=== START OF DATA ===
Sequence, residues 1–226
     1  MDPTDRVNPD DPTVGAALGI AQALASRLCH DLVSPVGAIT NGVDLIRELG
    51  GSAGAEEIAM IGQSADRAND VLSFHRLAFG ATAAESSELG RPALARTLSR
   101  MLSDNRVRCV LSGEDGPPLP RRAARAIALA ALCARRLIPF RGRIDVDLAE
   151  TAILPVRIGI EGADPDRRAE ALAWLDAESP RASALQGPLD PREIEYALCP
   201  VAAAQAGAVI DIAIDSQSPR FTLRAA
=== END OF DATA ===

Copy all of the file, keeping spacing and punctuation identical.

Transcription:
Sequence, residues 1–226
     1  MDPTDRVNPD DPTVGAALGI AQALASRLCH DLVSPVGAIT NGVDLIRELG
    51  GSAGAEEIAM IGQSADRAND VLSFHRLAFG ATAAESSELG RPALARTLSR
   101  MLSDNRVRCV LSGEDGPPLP RRAARAIALA ALCARRLIPF RGRIDVDLAE
   151  TAILPVRIGI EGADPDRRAE ALAWLDAESP RASALQGPLD PREIEYALCP
   201  VAAAQAGAVI DIAIDSQSPR FTLRAA